• Slide 10
  • Review the guidelines. Does SFA have the infrastructure and expertise to conduct the project? Will partners be beneficial? Does the project make good use of SFA resources? Is your project new and unique? Will it catch the funding agencys attention? Does your project suit the agencys guidelines?
  • Slide 11
  • The Proposal Now that you have identified a funding agency, you can begin the proposal!
  • Slide 12
  • Anatomy of a Proposal Cover Letter Abstract Organization Description Statement of Problem/Need Program Goals and Objectives Methodology or Project Design Evaluation Dissemination Sustainability Budget and Budget Justification
  • Slide 13
  • General Rules for a Proposal Make sure your project has lasting impact and/or is a model project Write in plain, simple text with no jargon. Dont assume the reviewer knows what youre talking about. Send your ideas to ORSP as early as possible.
  • Slide 14
  • General Rules for Formatting Consistent headings (bold, underline, etc.) Bullets, numbering Well-constructed charts Numbered pages 1 margins, 12-point font Avoid abbreviations and jargon Proofread; have colleagues proofread
  • Slide 15
  • Sample Proposals Federal Grant Proposal US Dept. of Education to create 21 st Century Community Learning Center to provide academic enrichment opportunities during non-school hours, particularly for students in high-poverty and low-performing schools http://www.coloradogrants.org/lightsville.html http://www.coloradogrants.org/lightsville.html Private Grant Proposal Urban Betterment Foundation to form low-income housing management company http://npguides.org/guide/grant1.htm
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  • Cover Letter Addressed to a specific person Total cost of project, total requested, other sources Brief statement of purpose Positive tone Liaison information Signed by highest-ranking person in organization SAMPLE: Plugged In, http://www.pluggedin.org/tool_kit/sample_grant.htmlhttp://www.pluggedin.org/tool_kit/sample_grant.html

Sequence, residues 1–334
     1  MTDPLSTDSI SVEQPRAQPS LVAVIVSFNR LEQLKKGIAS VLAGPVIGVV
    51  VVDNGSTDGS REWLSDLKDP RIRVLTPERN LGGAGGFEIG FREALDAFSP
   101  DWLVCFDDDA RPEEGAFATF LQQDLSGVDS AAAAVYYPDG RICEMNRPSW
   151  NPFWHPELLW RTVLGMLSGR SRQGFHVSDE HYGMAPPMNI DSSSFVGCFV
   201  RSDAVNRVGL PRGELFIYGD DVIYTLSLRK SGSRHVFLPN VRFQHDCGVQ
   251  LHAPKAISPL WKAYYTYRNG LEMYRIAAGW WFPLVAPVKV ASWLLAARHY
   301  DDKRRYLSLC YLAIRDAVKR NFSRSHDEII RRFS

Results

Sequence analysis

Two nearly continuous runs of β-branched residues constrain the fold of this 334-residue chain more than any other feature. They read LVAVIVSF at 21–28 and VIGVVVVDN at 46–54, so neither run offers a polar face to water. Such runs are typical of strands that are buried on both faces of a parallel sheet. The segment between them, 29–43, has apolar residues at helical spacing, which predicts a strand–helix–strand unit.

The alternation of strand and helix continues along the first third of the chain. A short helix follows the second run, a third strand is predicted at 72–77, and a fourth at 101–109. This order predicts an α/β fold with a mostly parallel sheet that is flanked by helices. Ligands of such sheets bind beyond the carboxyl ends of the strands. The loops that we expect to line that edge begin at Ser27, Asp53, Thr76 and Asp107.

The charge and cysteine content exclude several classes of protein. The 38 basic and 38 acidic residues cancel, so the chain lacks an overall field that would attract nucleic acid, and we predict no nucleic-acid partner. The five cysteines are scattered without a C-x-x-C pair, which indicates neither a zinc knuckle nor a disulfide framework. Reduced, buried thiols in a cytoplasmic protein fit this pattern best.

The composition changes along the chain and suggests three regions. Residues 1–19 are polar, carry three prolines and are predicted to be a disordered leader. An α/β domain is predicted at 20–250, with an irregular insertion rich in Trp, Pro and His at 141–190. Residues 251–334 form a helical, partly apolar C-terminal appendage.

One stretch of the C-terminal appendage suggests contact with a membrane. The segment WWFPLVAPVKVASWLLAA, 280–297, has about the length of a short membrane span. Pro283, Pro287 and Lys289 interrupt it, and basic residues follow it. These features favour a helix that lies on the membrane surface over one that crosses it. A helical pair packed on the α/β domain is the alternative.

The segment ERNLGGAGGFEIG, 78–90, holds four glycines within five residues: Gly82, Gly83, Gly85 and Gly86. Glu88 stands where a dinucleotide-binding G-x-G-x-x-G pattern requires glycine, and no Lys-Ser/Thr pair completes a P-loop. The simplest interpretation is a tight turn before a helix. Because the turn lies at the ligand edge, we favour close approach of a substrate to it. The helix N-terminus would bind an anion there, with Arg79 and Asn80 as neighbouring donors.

• Slide 17
  • Abstract Last Written, First Read One of most important parts No more than a page Future tense Includes statement for each section Snapshot of project
  • Slide 18
  • Organization Description History and mission Target audience/populations served Structure of organization Partnerships Personnel and qualifications Accomplishments Fiscal information, prior grants Positive feedback
  • Slide 19
  • Problem/Needs Statement (cont.) Focus on beneficiaries of your project Specify conditions you wish to change Use evidence to support (statistics, literature review, your own pilot data) Do not use jargon Be realistic
  • Slide 20
  • Program Goals and Objectives Keep it SIMPLE. S pecific I mmediate M easurable P ractical L ogical E valuable
  • Slide 21
  • Methodology or Program Design For each objective, determine: What? Who? When? Keep asking yourself, Whats next? Create Timeline/Schedule (visual summary) Provide rationale for chosen activities/methods Paint picture in reviewers mind from A to Z
  • Slide 22
  • Evaluation Consult with evaluator as you write Budget for evaluator Address each objective separately Did I do what I said I would do? How well did I do it?
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  • Sustainability Outline specific plan of action Show that the foundations money will not end with your project. Consider all the costs Personnel Staff training Payment to human participants Travel